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By action of the faculty, students are responsible for the observance of notices and calendar listings appearing in AcaMedia. Members of the Smith College community are expected to make their announcements through this publication. Submit calendar items and notices to Mary Stanton, Garrison Hall. Items for news articles (not calendar listings) should be sent to Ann Shanahan, Garrison Hall. (E-mail submissions of notices and news articles are welcome as well: send to mstanton or ashanahan@ais as appropriate.)
Copy is due by 4 p.m., Wednesday, March 19, for issue #23 (containing the March 31 to April 6 calendar listings). Copy is due by 4 p.m., Wednesday, March 26, for issue #24 (containing the April 7 to April 13 calendar listings). Late information cannot be accepted.
AcaMedia staff
Cathy Brooks, layout
Ann Shanahan, editor pro tempore
Mary Stanton, calendar/notices
Five College Calendar Deadline
Entries for the April Five College Calendar must be received in writing by March 13. Entries received after this deadline will not appear in the April issue. Please send all entries to Mary Stanton, Garrison Hall.


Museum of Art, 585-2770. Hours: Tuesday, Friday and Saturday, 9:30 a.m. to 4 p.m.; Wednesday and Sunday, noon to 4 p.m.; Thursday, noon to 8 p.m. Print Room hours: Tuesday through Friday, 1 to 4 p.m., Saturday, 1 to 4 p.m., during exhibitions. Other hours by appointment.
Mojo Hand: Recent Work by Richard Yarde (1/16 through 3/16).
Still Life Photographs (1/21 through 3/22). Print Room.

Chapel Sanctuary Renovations

The sanctuary of the Helen Hills Hills Chapel is under renovation until April 11. Sunday morning services and Sunday afternoon Masses will be held in the Alumnae House at the corner of Elm Street and Bedford Terrace. All activities scheduled for the Bodman Religious Center downstairs will proceed without interruption.

Student Activities Fair

The Office of Admission invites all campus organizations to participate in a student activities fair to be held during Open Campus on Friday, April 18 from noon-1 p.m. in Ainsworth Gymnasium. Open Campus is a two-day program designed to help admitted students make an informed decision about attending Smith. Participants will have the opportunity to attend classes, speak with current Smith students, eat and sleep in campus houses, meet with faculty and staff, and explore the college on their own.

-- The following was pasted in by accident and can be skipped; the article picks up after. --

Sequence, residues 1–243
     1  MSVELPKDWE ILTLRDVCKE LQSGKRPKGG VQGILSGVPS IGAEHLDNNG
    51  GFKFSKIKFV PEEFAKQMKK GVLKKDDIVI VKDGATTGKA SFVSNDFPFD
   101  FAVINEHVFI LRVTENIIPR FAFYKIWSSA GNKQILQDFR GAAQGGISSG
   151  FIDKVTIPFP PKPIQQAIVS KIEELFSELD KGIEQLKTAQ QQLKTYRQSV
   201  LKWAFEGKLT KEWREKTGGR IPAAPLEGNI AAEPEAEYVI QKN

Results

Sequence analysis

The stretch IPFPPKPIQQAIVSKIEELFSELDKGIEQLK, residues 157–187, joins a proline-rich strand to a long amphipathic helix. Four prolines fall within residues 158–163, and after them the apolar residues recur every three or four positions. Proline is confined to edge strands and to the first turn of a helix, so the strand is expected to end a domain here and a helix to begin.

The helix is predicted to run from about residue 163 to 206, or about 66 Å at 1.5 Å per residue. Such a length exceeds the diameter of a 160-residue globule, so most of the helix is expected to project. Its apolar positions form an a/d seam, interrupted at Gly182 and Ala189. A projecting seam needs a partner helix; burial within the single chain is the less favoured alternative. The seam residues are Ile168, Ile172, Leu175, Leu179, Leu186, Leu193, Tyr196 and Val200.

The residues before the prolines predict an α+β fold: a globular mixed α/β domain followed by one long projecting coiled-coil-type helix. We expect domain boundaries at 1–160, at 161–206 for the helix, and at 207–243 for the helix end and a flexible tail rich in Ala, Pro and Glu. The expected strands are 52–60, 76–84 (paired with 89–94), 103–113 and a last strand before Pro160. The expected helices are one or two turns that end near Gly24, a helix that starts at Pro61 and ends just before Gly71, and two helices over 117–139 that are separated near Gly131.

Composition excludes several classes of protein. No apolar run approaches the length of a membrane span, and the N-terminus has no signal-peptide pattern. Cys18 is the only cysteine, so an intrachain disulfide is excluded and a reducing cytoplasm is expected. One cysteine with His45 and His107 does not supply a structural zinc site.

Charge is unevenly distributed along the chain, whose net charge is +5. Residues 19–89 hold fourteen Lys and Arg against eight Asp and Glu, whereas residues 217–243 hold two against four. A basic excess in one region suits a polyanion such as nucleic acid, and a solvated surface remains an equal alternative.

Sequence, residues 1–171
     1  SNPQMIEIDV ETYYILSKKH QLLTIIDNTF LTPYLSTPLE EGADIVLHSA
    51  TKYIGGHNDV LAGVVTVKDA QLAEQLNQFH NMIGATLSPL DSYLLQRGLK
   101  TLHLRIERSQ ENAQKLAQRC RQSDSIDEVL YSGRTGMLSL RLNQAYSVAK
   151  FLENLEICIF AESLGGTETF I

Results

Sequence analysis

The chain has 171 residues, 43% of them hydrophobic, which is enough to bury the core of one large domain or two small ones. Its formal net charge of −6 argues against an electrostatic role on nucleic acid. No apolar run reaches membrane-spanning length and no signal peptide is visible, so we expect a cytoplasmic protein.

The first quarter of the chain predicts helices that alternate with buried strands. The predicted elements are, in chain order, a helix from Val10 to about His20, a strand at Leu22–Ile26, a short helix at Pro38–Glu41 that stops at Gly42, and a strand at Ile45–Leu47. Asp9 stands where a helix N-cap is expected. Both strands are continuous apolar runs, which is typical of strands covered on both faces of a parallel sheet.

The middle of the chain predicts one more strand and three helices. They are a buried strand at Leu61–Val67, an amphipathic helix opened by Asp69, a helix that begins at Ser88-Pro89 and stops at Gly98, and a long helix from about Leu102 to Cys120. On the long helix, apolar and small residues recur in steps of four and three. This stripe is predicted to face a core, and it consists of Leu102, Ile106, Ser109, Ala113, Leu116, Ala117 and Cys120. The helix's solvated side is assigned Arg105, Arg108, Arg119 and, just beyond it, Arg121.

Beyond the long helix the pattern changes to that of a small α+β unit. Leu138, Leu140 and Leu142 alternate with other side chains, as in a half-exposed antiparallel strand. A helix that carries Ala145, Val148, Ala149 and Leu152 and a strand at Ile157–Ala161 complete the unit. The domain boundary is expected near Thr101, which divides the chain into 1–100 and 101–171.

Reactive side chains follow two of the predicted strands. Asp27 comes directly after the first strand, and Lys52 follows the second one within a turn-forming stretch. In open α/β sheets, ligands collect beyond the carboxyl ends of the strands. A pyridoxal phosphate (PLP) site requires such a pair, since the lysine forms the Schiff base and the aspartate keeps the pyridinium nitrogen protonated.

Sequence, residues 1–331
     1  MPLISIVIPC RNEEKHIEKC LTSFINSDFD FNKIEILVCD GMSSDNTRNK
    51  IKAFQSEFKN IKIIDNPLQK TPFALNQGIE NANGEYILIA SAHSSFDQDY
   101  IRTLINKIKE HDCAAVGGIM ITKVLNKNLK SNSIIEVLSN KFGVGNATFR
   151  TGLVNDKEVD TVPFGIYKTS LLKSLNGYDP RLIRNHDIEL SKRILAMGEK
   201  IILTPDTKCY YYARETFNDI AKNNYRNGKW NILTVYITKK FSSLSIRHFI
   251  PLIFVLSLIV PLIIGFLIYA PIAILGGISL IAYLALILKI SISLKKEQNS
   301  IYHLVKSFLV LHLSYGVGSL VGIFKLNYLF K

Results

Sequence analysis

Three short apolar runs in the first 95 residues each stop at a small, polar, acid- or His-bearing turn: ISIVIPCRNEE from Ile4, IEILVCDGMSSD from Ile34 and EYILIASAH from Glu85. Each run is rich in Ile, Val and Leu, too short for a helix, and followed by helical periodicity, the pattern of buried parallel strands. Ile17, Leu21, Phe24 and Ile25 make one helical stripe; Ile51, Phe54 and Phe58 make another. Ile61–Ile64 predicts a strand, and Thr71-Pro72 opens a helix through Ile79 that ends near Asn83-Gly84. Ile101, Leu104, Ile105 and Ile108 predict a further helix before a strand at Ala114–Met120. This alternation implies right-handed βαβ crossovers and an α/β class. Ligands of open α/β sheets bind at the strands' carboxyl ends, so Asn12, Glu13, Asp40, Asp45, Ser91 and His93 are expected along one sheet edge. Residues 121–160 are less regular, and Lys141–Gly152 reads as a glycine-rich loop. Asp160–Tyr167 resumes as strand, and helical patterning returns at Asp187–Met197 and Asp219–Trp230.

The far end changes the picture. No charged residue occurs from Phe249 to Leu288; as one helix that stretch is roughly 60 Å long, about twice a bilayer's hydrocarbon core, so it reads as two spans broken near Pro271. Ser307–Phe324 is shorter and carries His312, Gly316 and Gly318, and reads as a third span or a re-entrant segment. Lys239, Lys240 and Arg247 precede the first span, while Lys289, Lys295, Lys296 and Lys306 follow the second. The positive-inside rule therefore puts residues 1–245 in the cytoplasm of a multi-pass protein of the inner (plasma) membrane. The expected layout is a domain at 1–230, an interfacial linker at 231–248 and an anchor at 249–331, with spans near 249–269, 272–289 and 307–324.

The activities fair will provide potential members of the Class of 2001 with a chance to learn about co-curricular life at Smith. Student organizations will be able to recruit new members, sell fundraising merchandise and serve as goodwill ambassadors for the college.
If your organization is interested in participating, please contact Joyce Rauch or Jennifer Christian in the admission office at ext. 2523.

Summer Employment

Are you interested in employment on campus this summer? From March 3 through April 1, the Office of Human Resources will be accepting applications for summer employment. To be eligible you must either be a Smith student who is returning to school this fall, or a dependent of a current Smith employee. Employee dependents must be students in high school or college who are continuing their education in the fall. Applicants must be at least 16 years of age by June 1.
People in these positions perform custodial, grounds, maintenance and kitchen duties (in general) in RADS, physical plant, rentals and the botanic gardens. All positions are full time, Monday through Friday, and various shifts are available. Applicants must be available to work from June through late August. Workers are also needed just prior to and during commencement and alumnae reunion weekends. The hourly rate for these positions will be $5.90 for new employees of the program and $6.25 for returning employees from previous summers.
Applications are available beginning March 3 at the Office of Human Resources, Neilson library circulation desk, physical plant reception desk, the Smith College Club and the RADS main office. Completed applications must be submitted to the Office of Human Resources by 4:30 p.m. on April 1. Applications received after this date will be held on a waiting list and reviewed on an as-needed basis.